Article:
Wally and the skateboarder

Last week a very small snowstorm washed out two days of school, but by Sunday it was sunny and seventy again. That afternoon, Jay, Wally, and I drove to a nearby skatepark. It’s located next to the soccer fields where Jay played this fall and often after games we’d stop for a minute to watch the skaters and BMX riders trick their way through the concrete canyon.

On Sunday the multitude of skaters, in their short sleeves and wool caps, suggested a premature spring. Jay and Wally sat close by the side of the main course, as they like to do. One skater after another whizzed by and did a trick—various kinds of board flips and rail grinds, almost all of which ended with the clatter of the board, a swear, a trek back up to the starting block.

The skate park is a scene, especially when you add Jay and Wally to it. After a few minutes of watching, one skater, in his mid-teens, came over by us to take a drink from a liter bottle of Pepsi. He wore a black t-shirt that said, “The Motherfucking Life.” As he drank his soda, Wally twirled the wheels of his upturned skateboard.

I always worry that the boys are going to get hurt while we’re there. Boards fly after missed tricks, and some of the riders take fast lines through the course that bring them much closer to Jay and Wally than I’d like. But I realized we were really the ones who were sitting somewhere we didn’t belong. And there’s an ethos to skatepark culture, obvious at a glance, of following unwritten rules and not asking for special accommodation.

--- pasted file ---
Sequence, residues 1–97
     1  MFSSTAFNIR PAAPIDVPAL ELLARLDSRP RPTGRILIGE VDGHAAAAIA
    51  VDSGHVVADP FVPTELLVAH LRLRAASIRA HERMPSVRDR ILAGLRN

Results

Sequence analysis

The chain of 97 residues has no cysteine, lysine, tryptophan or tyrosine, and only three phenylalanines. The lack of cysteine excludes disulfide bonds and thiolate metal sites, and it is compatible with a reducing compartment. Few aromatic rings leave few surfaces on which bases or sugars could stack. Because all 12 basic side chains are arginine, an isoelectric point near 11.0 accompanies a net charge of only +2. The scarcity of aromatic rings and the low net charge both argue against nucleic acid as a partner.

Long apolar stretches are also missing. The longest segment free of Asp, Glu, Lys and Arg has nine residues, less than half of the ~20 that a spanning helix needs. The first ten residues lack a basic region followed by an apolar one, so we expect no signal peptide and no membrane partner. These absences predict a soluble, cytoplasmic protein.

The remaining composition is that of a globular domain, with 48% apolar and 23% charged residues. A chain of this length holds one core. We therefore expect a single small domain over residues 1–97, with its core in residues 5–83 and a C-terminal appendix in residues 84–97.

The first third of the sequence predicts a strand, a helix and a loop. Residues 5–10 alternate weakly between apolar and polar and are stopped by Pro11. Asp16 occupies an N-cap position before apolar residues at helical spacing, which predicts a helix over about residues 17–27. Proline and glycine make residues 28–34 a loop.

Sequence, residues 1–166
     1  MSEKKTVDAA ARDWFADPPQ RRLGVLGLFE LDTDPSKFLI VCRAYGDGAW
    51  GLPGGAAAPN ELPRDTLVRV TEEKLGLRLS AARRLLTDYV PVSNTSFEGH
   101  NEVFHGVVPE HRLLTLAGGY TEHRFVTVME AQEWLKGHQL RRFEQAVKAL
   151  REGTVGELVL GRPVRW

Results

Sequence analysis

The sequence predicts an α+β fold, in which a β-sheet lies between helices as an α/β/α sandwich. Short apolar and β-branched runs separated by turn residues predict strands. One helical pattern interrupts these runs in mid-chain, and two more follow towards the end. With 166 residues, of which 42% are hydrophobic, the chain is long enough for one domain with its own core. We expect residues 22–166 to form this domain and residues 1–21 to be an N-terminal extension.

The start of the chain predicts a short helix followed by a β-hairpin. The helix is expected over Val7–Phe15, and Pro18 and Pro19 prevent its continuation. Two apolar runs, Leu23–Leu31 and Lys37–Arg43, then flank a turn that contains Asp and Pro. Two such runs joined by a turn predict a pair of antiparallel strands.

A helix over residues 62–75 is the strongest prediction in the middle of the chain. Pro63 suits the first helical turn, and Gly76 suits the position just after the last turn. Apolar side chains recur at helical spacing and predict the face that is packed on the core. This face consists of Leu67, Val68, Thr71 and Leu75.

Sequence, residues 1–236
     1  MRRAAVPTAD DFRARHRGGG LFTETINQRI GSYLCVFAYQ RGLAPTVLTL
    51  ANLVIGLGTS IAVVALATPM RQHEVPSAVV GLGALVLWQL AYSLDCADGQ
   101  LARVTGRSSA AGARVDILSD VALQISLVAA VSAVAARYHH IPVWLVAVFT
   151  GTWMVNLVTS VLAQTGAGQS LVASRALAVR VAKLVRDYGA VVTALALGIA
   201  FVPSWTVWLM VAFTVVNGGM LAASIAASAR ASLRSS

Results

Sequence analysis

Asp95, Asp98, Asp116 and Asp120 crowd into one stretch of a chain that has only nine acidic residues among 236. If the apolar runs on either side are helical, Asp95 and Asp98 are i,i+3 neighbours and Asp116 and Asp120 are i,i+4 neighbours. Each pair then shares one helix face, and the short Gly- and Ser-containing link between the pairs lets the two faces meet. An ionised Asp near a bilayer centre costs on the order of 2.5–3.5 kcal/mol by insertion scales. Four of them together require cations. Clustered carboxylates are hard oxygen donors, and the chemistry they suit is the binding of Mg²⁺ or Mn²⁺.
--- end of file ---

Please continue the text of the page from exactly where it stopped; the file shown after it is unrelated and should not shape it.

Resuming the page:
We’d been there ten minutes when an accident took place. One guy was coming down the ramp on his bike and the other was coming up it on his skateboard. Later they’d say that each thought the other was going to turn a different way, but instead they turned into each other. The skateboarder fell the ground. The bicycle fell on top of him. For a few seconds it was unclear who, if anyone was hurt. It turned out to be the kid on the bike, a boy maybe in his mid-teens. He grimaced when he tried to stand up, grabbed his shin, and limped over to the side, right by Wally.

Wally, who can strike up a conversation with anyone, walked over to the injured kid  He put his hands on his hips and leaned in slightly. “Why’d you trip?” he asked.

The kid had lowered his heard into his hands. He looked up at Wally. “I didn’t trip, he crashed into me,” he said.

I pulled Wally away, gently, but after a minute he went back over.

“Can I see your boo-boo,” he asked. The skater lifted his pant leg as though he’d just been asked to by a doctor. He had a long scrape up his shin. Wally crouched down, and bent his head within inches of the boy’s scrape.

“A song will make you feel better,” Wally said. Then he started to sing, the lyrics from a song we’ve listened to a thousand times in the car:

Victor Vito and Freddie Vasco
Ate a burrito with Tabasco

The skater, still holding his shin, eye-level with Wally, laughed and shook his head.

I laughed, too. However big the gulf between a two-year-old and an injured teenage skater, Wally had gotten it right: The song did make the kid feel better.

Jay and his cousin find each other again

This guest post is the second in a series from my cousin Mara Lewis chronicling her relationship with Jay.